Published on November 23rd, 2015 | by Rafael Alvarez0
A Manual For Cleaning Women Lucia Berlin & the American Short Story: Part Two
“Their agate eyes opened to reflect a pinpoint of dazzle, closed again…”
The description of the eyes of cranes at dawn – not unlike the lights of an especially charismatic 10th grader, the kid who knows things – is from the Lucia Berlin story “Teenage Punk,” collected in the late writer’s recently published magnum opus: A Manual for Cleaning Women.
“It was briefly on the indie bestseller list,” said Richard Howorth, owner of Oxford’s Square Books, noting that the store has carried the collection since it was released by Farrar, Straus, and Giroux in August.
[And I erroneously identified in my last column as a contender for this year’s Pulitzer Prize and the National Book Award, which, though worthy, is not.]
“Teenage Punk” is one of the tales that Berlin’s son Dan said cut close to the bone, as do so many of the stories in this collection whether you knew the author – as the writer Elizabeth Geoghegan did – or discovered her yesterday.
In a Paris Review remembrance published the month of the release of Cleaning Women, Geoghegan wrote: “[Berlin’s] stories, populated with alcoholics and addicts, are rendered with an empathy, disgust, and ruthless wit that echo the devastating circumstances of her own life.”
Which apparently includes the real-life pain-in-the-ass upon whom the character of Jesse was based in “Teenage Punk.” Reluctant to read too much into it on the record, Dan Berlin said of his mother’s accomplishment: “It’s amazing work and the work should be the focus.”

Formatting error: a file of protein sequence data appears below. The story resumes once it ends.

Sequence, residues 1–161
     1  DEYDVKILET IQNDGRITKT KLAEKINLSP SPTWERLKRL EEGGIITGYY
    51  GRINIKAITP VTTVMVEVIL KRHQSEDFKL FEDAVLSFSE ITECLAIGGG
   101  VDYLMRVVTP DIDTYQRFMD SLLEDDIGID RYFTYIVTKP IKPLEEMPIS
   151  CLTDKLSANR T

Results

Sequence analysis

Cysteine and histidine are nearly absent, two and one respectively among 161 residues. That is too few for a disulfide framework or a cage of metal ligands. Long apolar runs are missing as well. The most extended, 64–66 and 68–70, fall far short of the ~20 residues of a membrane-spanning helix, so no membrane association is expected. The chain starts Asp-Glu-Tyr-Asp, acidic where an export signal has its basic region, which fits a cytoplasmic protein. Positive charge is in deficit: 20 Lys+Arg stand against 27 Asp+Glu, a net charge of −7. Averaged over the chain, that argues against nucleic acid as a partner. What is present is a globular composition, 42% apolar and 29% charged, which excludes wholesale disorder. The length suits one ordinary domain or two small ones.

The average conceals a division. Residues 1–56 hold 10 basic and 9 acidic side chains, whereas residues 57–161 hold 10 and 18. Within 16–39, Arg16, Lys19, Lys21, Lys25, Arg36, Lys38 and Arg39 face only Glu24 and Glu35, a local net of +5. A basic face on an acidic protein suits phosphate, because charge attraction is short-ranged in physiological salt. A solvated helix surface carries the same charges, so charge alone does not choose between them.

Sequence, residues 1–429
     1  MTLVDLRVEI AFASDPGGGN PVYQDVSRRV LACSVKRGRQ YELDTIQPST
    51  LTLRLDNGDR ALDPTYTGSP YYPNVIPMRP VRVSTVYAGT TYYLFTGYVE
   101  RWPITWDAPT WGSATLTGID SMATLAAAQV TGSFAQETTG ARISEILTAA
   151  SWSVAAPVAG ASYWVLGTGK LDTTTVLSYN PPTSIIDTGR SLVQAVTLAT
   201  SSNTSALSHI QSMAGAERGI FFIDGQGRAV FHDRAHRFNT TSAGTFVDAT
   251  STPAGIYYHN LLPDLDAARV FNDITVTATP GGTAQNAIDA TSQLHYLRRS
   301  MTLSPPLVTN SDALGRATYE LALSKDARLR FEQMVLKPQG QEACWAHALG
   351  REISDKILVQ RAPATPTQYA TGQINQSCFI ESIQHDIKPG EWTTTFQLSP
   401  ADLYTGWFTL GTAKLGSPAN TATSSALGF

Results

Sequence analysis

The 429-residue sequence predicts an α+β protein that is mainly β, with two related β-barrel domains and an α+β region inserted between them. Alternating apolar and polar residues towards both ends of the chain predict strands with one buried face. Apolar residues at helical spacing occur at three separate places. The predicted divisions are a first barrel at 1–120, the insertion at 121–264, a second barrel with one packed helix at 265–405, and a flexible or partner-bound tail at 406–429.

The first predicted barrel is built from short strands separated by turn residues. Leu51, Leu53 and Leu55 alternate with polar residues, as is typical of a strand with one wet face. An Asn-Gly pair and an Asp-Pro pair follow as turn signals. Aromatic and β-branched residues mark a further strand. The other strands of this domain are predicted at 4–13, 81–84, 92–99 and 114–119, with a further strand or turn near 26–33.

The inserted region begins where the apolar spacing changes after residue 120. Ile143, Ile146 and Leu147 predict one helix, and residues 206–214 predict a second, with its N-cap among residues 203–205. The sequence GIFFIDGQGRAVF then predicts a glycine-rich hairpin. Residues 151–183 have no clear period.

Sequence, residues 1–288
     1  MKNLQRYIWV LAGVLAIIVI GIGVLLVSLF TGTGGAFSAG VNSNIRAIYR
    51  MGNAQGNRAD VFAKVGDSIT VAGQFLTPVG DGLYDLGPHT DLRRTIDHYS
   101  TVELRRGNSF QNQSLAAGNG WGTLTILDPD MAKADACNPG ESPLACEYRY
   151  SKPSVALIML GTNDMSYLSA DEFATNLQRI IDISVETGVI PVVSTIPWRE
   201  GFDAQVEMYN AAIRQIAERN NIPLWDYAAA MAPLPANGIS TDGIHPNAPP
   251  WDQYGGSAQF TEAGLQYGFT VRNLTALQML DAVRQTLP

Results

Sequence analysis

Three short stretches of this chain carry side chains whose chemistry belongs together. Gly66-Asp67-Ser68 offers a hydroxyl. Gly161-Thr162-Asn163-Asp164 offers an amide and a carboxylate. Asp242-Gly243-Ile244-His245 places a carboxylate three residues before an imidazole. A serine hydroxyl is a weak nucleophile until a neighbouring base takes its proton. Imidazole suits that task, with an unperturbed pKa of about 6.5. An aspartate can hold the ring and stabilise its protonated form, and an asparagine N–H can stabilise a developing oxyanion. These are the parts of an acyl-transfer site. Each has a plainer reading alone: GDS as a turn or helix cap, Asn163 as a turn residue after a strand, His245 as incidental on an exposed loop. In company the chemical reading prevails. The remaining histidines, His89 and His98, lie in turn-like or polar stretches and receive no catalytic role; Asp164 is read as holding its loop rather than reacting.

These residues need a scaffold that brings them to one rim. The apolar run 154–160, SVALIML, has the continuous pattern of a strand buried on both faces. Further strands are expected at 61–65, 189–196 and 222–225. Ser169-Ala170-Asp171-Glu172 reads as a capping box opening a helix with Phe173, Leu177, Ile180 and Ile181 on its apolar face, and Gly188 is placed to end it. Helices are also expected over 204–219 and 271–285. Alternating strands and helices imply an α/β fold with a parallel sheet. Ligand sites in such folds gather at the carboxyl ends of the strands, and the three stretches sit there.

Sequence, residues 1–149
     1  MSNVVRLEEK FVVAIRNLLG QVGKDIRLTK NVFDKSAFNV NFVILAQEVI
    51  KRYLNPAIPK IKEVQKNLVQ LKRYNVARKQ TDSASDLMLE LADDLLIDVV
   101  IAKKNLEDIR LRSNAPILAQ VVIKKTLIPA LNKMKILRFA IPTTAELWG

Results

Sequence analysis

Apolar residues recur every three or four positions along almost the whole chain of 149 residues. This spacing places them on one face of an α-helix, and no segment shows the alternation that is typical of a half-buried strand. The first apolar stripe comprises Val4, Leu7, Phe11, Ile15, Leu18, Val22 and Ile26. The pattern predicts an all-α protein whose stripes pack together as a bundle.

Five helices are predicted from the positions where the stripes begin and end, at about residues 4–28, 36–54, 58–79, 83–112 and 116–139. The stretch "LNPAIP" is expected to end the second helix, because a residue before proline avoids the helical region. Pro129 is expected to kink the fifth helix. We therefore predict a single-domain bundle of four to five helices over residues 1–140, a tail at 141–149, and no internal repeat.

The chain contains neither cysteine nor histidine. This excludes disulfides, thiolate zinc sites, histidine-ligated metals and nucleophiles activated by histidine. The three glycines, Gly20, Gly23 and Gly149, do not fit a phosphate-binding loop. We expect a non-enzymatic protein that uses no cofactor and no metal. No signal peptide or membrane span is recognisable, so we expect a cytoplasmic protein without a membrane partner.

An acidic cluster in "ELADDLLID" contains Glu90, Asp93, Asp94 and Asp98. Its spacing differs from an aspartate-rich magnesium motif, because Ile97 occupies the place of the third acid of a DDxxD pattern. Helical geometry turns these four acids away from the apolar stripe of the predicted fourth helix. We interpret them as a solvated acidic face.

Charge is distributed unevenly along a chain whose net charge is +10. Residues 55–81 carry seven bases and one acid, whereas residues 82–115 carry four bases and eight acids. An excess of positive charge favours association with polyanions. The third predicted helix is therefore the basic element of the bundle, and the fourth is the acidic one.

When I posted part one of the Berlin columns last month – noting the wide praise and welcome it was receiving – I got a few nibbles from people living between the hard covers of literary fiction.
[It was Auden who said, “Thank God for books as an alternative to conversation.”]
Of A Manual for Cleaning Women and “Teenage Punk” in particular, Frick said: “What makes the story so effective is how much is communicated despite the succinctness of only a few pages. We get a concise portrait of the disintegration of a marriage in step with the disintegration of a social order in step with the disintegration of an old house, all in less than a page.”
“And then all this is cast aside by the beauty of a rare natural event as if Berlin says, “This is what matters. It’s an uncommonly rare piece– I can’t recall reading anything quite like it.”
Nor can I, although Berlin’s work is strangely reminiscent of Roberto Bolano [1953-2003] despite Lucia’’s brevity and the Chilean’s narratives that go on and on, as though the true tale were hidden in the digressions.
Lucia Berlin lived the writer’s life while working a host of menial jobs to make a living. She then landed at the University of Colorado in Boulder and taught there from 1994-2000. The students Berlin inspired there have helped keep her work before the reading public since her death in 2004.
Here’s hoping someone stumbles upon a trunk of unpublished Berlin manuscripts and a 21st century Max Perkins is on hand to shepherd them to print. Until then, A Manual for Cleaning Women will ably hold its own upon any shelf.
Rafael Alvarez can be reached via firstname.lastname@example.org